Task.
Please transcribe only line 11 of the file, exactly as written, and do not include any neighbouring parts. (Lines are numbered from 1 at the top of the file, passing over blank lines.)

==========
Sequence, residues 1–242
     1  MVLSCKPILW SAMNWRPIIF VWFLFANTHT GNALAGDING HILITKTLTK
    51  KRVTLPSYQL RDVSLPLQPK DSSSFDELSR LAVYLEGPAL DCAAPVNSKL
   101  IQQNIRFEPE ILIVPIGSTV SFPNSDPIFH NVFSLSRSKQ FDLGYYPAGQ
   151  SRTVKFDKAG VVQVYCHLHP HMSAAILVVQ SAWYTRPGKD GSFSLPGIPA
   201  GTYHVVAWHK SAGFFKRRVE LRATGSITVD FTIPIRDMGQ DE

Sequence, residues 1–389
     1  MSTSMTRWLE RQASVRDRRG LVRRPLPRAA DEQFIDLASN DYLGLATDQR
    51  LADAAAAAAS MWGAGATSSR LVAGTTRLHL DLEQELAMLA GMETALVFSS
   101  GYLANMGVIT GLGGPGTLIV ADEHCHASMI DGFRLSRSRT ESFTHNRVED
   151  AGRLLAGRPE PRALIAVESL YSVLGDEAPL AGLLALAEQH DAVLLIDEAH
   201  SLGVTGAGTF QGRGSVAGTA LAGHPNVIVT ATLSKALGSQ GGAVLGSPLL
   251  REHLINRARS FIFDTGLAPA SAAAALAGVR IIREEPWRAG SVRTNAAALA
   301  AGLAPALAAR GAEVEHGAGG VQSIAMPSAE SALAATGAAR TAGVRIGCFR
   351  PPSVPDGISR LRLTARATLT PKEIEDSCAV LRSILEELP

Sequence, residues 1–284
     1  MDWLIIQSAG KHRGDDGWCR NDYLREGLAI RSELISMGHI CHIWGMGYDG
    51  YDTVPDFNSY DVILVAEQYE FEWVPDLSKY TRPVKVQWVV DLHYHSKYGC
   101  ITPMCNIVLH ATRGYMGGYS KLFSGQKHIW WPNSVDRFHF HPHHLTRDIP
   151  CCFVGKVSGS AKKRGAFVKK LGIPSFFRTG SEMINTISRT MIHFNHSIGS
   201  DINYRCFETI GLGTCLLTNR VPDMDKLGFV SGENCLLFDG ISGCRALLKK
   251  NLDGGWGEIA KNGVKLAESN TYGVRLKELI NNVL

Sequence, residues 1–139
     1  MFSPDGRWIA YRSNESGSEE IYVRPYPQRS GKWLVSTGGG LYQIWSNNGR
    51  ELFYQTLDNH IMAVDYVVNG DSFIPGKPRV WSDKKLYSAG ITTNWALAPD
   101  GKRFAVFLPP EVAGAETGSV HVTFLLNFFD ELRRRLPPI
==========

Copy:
   151  AGRLLAGRPE PRALIAVESL YSVLGDEAPL AGLLALAEQH DAVLLIDEAH